Use this URL to cite or link to this record in EThOS: http://ethos.bl.uk/OrderDetails.do?uin=uk.bl.ethos.593261
Title: The role of prostaglandins in the hormonal control of protein turnover
Author: Palmer, Robert M.
Awarding Body: University of Aberdeen
Current Institution: University of Aberdeen
Date of Award: 1987
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Abstract:
Isolated muscles from the rabbit forelimb synthesised protein at a lower rate than that in the same muscles in vivo; rates of protein degradation were changed only slightly. Insulin stimulated protein synthesis and prostaglandin F2 release in isolated muscles incubated either under a constant tension or with mechanical stretching, having a greater effect on muscles from fasted rabbits. Inhibitors of prostaglandin synthesis, indomethacin and meclofenamate, abolished these effects but had no effect on the controls (-insulin). When added two hours after insulin, indomethacin did not reduce the hormonally induced increase in protein synthesis whilst still reducing PG release, suggesting that prostaglandins are involved in the action of insulin on protein synthesis only at an early stage in the response. In muscles from fully fed rabbits dexamethasone reduced protein synthesis and PFG2 release, after a transient increase (during the first hour); in muscles from fasted animals the glucocorticoid reduced PG release only, suggesting that dexamethasone-induced reductions in protein synthesis and PG release may not be causally related. PGE2 release and the rate of protein degradation were generally affected similarly by the two hormones but to a lesser extent than PGF2 release and protein synthesis. The combined effect of the two hormones differed depending on the nutritional status of the donors. Together insulin and dexamethasone had antagonistic effects on muscles from fed animals, the stimulatory effect of insulin on protein synthesis being diminished by the glucocorticoid. In muscles from fasted rabbits dexamethasone did not affect the response to insulin. Phospholipase A2 inhibitory proteins were extracted from incubated muscles. The anti-phospholipase activity of these proteins was increased by prior incubation with dexamethasone and was reduced, to control values or below, by incubation with dexamethasone + insulin. Some of the antagonistic effects of insulin and glucocorticoids may involve their opposing actions on phospholipase A2.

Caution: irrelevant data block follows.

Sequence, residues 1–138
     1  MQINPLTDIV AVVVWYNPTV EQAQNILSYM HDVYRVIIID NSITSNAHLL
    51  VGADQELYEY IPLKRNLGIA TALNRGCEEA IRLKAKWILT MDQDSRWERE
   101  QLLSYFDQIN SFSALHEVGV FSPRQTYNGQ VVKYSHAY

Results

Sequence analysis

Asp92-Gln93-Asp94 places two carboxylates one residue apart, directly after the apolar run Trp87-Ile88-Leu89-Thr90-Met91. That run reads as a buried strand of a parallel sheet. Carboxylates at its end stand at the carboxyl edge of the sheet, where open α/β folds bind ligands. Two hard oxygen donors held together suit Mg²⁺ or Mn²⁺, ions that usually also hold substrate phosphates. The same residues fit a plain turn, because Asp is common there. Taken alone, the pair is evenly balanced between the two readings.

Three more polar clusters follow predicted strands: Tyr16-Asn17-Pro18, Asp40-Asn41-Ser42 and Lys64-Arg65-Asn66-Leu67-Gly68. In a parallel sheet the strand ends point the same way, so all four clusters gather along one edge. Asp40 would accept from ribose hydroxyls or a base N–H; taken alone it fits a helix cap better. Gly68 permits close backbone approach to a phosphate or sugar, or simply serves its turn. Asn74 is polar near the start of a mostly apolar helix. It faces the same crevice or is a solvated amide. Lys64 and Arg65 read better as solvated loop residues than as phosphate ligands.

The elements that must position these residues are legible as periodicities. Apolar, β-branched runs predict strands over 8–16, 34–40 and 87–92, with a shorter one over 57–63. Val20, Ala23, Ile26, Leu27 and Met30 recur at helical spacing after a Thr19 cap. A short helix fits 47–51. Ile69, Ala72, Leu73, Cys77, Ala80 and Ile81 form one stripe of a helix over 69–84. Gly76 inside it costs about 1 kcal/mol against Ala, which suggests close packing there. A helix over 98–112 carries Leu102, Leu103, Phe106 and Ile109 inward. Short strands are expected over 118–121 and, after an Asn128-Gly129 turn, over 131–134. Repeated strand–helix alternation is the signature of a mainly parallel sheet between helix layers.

Supervisor: Not available Sponsor: Not available
Qualification Name: Thesis (Ph.D.) Qualification Level: Doctoral
EThOS ID: uk.bl.ethos.593261  DOI: Not available
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